Issac et al., Improved And Optimized Drug Repurposing For The SARS-CoV-2 Pandemic, bioRxiv, doi:10.1101/2022.03.24.485618
The active global SARS-CoV-2 pandemic caused more than 426 million cases and 5.8 million deaths worldwide. The development of completely new drugs for such a novel disease is a challenging, time intensive process. Despite researchers around the world working on this task, no effective treatments have been developed yet. This emphasizes the importance of drug repurposing, where treatments are found among existing drugs that are meant for different diseases. A common approach to this is based on \emph{knowledge graphs}, that condense relationships between entities like drugs, diseases and genes. Graph neural networks (GNNs) can then be used for the task at hand by predicting links in such knowledge graphs. Expanding on state-of-the-art GNN research, Doshi {\sl et al.} recently developed the \drcov \ model. We further extend their work using additional output interpretation strategies. The best aggregation strategy derives a top-100 ranking of 8,070 candidate drugs, 32 of which are currently being tested in COVID-19-related clinical trials. Moreover, we present an alternative application for the model, the generation of additional candidates based on a given pre-selection of drug candidates using collaborative filtering. In addition, we improved the implementation of the \drcov \ model by significantly shortening the inference and pre-processing time by exploiting data-parallelism. As drug repurposing is a task that requires high computation and memory resources, we further accelerate the post-processing phase using a new emerging hardware --- we propose a new approach to leverage the use of high-capacity Non-Volatile Memory for aggregate drug ranking.
Israel et al., Identification of drugs associated with reduced severity of COVID-19 – a case-control study in a large population, eLife, doi:10.7554/eLife.68165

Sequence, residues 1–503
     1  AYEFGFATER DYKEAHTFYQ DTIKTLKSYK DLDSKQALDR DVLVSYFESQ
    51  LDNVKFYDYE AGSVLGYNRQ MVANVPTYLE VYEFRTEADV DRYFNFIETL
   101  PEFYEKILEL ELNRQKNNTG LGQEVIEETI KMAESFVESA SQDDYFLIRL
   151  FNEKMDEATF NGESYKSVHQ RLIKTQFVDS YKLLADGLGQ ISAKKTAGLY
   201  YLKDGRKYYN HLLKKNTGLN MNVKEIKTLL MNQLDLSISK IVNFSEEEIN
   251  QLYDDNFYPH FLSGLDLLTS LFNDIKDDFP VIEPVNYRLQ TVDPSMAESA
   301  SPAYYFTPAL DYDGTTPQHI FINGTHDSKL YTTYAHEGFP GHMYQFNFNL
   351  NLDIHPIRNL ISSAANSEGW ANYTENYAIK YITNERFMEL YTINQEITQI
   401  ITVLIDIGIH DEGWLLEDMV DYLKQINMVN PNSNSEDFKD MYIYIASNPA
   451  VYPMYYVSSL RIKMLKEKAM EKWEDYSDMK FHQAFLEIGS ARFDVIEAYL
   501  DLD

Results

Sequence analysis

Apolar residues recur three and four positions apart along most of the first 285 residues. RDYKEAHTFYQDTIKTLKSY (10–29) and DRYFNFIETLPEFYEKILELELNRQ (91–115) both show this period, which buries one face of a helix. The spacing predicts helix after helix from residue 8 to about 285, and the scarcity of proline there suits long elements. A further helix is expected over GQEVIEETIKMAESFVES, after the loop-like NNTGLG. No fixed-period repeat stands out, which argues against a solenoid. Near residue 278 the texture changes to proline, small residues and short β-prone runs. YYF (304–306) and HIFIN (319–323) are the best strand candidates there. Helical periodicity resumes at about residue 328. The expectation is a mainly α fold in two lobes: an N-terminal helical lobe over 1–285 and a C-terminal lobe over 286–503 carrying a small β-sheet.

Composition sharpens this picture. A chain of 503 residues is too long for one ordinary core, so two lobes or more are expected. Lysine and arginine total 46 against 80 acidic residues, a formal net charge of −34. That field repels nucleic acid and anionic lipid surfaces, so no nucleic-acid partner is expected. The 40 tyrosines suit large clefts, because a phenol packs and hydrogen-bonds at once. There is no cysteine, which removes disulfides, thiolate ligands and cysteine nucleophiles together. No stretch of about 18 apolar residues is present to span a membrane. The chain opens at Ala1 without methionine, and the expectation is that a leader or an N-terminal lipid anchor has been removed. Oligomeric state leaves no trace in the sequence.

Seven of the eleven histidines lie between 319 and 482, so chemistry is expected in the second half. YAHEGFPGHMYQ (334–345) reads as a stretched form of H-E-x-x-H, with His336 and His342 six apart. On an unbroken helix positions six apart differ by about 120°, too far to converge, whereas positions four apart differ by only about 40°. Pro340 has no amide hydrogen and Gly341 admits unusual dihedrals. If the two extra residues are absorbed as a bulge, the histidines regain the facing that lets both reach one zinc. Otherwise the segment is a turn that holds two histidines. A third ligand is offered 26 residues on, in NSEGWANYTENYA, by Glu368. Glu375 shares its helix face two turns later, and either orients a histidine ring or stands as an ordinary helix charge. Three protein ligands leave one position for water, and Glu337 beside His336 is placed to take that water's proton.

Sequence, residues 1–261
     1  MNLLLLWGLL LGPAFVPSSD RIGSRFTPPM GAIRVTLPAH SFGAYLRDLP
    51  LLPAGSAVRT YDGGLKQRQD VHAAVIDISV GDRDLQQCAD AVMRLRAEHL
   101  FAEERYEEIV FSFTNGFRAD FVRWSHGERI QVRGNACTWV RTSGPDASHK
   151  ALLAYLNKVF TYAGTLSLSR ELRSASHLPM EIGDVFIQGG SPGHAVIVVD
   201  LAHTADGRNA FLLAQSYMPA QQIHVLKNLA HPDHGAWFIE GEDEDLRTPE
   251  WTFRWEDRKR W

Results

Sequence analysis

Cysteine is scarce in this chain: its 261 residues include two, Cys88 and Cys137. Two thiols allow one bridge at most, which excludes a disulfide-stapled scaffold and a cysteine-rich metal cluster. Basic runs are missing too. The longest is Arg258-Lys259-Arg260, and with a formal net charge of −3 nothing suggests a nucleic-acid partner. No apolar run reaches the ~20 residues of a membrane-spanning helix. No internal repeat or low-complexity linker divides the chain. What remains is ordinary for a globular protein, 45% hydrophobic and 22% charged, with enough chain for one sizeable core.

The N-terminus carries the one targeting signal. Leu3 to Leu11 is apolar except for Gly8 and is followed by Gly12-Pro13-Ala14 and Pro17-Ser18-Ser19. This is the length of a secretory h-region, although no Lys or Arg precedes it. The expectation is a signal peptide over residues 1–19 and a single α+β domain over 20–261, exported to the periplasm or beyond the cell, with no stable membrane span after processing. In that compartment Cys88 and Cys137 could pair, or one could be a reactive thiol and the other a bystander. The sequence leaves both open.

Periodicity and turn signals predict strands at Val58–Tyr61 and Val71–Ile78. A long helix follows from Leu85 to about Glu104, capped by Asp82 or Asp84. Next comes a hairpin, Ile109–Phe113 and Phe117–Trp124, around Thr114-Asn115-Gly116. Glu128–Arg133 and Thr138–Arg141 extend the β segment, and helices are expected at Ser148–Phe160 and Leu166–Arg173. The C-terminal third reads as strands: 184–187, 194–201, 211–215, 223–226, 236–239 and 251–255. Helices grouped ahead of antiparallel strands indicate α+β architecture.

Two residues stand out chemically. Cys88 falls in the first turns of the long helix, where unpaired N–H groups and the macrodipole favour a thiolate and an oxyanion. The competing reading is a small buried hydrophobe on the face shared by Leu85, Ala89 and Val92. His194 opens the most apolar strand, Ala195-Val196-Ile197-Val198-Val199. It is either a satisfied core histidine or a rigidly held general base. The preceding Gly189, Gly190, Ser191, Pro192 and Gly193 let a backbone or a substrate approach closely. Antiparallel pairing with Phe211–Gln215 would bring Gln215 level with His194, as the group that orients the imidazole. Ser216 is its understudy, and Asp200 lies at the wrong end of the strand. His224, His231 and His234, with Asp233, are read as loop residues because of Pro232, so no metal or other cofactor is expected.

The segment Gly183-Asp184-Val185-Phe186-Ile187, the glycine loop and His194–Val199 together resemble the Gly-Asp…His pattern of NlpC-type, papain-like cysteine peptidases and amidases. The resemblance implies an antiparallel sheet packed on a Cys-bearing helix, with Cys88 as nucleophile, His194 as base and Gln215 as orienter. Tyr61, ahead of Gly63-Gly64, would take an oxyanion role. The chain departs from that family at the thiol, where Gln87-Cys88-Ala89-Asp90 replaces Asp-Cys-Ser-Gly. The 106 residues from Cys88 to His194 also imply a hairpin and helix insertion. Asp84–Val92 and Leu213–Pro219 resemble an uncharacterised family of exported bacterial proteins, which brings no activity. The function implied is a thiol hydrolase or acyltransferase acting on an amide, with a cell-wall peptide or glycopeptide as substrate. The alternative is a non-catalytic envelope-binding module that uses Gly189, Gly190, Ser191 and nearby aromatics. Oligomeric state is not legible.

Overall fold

Background:Until coronavirus disease 2019 (COVID-19) drugs specifically developed to treat COVID-19 become more widely accessible, it is crucial to identify whether existing medications have a protective effect against severe disease. Toward this objective, we conducted a large population study in Clalit Health Services (CHS), the largest healthcare provider in Israel, insuring over 4.7 million members.Methods:Two case-control matched cohorts were assembled to assess which medications, acquired in the last month, decreased the risk of COVID-19 hospitalization. Case patients were adults aged 18 to 95 hospitalized for COVID-19. In the first cohort, five control patients, from the general population, were matched to each case (n=6202); in the second cohort, two non-hospitalized SARS-CoV-2 positive control patients were matched to each case (n=6919). The outcome measures for a medication were: odds ratio (OR) for hospitalization, 95% confidence interval (CI), and the p-value, using Fisher’s exact test. False discovery rate was used to adjust for multiple testing.Results:Medications associated with most significantly reduced odds for COVID-19 hospitalization include: ubiquinone (OR=0.185, 95% CI [0.058 to 0.458], p<0.001), ezetimibe (OR=0.488, 95% CI [0.377 to 0.622], p<0.001), rosuvastatin (OR=0.673, 95% CI [0.596 to 0.758], p<0.001), flecainide (OR=0.301, 95% CI [0.118 to 0.641], p<0.001), and vitamin D (OR=0.869, 95% CI [0.792 to 0.954], p<0.003). Remarkably, acquisition of artificial tears, eye care wipes, and several ophthalmological products were also associated with decreased risk for hospitalization.Conclusions:Ubiquinone, ezetimibe, and rosuvastatin, all related to the cholesterol synthesis pathway were associated with reduced hospitalization risk. These findings point to a promising protective effect which should be further investigated in controlled, prospective studies.Funding:This research was supported in part by the Intramural Research Program of the National Institutes of Health, NCI.